Corporate Competitor Podcast is celebrating the 50th anniversary of Title IX with Ann Meyers Drysdale, the first woman to be signed to a collegiate scholarship at UCLA when she committed to play basketball for the Bruins. There she earned All-American honors four times, spent her summers as a member of the U.S. Women’s National Team, and won silver at the 1976 Olympics.
She achieved another first by becoming the first woman to sign a contract with a National Basketball Association team where she was invited to try out with the Indiana Pacers. Although she didn’t make the men’s squad, the barrier breaker went on to have an All-Star career in the women’s professional basketball before moving into the broadcast booth and now the front office as the Vice President of the NBA’s Phoenix Suns and WNBA’s Phoenix Mercury.
Drysdale credits her success on and off the court to mastering the fundamentals of teamwork, beginning with communicating effectively during periods of transition. “I had three coaches in four years at UCLA, plus my National Team coaches,” Drysdale explained. “It’s not always easy because everybody has a different role for you, different expectations for you, and may want to create a different team dynamic with new players. That’s why communication is important–especially being a good listener to other people’s ideas.”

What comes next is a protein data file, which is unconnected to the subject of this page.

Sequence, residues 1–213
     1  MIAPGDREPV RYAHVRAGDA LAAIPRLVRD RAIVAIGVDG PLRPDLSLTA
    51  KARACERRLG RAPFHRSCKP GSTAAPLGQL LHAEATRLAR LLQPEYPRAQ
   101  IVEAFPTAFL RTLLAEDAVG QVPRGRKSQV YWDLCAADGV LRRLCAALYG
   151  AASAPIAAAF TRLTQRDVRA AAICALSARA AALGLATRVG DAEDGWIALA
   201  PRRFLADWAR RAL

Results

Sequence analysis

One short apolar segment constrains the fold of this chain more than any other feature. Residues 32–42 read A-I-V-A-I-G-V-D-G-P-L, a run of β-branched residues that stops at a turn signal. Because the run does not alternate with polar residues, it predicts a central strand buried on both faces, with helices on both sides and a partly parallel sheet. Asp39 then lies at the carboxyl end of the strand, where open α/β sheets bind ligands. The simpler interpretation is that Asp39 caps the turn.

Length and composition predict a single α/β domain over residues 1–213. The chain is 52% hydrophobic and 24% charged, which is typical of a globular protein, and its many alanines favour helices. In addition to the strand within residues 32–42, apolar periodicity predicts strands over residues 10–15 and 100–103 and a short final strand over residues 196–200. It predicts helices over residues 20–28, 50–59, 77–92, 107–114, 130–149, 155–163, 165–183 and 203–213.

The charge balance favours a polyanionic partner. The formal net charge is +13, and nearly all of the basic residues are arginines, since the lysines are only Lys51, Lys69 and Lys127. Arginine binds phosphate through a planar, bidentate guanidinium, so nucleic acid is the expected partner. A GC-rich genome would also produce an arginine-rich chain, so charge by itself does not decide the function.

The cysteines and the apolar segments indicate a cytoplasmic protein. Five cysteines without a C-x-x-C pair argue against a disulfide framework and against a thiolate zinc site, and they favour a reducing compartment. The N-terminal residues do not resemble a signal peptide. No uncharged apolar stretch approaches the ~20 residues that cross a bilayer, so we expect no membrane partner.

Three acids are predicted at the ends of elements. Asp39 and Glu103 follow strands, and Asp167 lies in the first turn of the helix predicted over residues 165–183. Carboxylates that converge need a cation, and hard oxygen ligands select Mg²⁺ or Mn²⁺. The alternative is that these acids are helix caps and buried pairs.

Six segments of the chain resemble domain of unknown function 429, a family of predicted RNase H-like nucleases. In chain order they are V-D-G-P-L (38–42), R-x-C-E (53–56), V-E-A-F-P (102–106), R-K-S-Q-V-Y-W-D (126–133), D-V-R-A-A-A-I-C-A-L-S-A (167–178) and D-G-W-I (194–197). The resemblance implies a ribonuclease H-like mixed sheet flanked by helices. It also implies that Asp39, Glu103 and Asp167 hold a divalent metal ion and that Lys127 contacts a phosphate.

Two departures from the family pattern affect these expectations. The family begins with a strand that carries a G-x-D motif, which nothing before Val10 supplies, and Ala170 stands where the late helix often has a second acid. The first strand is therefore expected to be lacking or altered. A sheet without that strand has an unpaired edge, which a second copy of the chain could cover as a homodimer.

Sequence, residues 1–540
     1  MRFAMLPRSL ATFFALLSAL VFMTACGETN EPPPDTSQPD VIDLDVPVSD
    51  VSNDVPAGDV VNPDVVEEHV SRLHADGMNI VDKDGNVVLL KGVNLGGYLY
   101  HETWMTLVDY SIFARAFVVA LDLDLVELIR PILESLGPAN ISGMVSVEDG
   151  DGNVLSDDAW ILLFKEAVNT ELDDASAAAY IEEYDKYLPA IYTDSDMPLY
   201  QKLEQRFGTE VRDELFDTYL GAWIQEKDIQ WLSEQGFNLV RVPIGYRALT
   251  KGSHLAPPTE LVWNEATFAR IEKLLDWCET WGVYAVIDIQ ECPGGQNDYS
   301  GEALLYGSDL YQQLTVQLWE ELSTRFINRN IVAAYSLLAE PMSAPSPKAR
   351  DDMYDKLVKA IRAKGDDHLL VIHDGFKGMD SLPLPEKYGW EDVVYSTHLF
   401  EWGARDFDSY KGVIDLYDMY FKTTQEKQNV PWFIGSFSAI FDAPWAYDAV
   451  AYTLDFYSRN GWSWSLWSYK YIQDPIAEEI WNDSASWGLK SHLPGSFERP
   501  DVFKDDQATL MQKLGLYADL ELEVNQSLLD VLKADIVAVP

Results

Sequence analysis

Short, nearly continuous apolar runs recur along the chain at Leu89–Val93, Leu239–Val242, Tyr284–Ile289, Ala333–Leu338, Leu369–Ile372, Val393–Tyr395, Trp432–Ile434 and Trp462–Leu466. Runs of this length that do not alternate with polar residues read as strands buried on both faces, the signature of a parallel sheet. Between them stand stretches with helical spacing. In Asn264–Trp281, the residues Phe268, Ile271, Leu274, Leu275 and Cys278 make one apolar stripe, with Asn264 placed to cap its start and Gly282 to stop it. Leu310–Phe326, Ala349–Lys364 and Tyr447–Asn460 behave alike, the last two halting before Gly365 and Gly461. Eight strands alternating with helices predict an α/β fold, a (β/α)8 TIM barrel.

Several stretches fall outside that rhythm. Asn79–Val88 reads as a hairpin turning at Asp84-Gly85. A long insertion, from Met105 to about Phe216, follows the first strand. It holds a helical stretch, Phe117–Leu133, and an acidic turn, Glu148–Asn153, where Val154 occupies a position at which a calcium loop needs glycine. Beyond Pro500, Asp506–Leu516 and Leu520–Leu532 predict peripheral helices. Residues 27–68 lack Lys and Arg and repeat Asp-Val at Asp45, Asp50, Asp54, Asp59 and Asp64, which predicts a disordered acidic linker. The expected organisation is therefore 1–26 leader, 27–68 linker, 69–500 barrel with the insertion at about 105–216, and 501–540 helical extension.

Drysdale says that being active listeners and communicators enables team members to master the fundamentals of any business enterprise. Drysdale includes among these fundamentals, “knowing who your customer is, knowing what your customer struggles with and knowing what you can control.”
Listeners to the podcast will enjoy an insider’s perspective and learn:
9:00 How to get over the number one hurdle to effective decision-making on your team.
11:00 What UCLA Coach John Wooden taught Ann about leading change by listening.
16:00 How to master fundamentals in business.
23:00 Why great teams build their foundation on their players’ character more than talent.
“The best thing about focusing on the fundamentals and creating foundation,” noted Drysdale, “is that it allows you to learn from your mistakes and move past your failures. And we all have failure at some point.”
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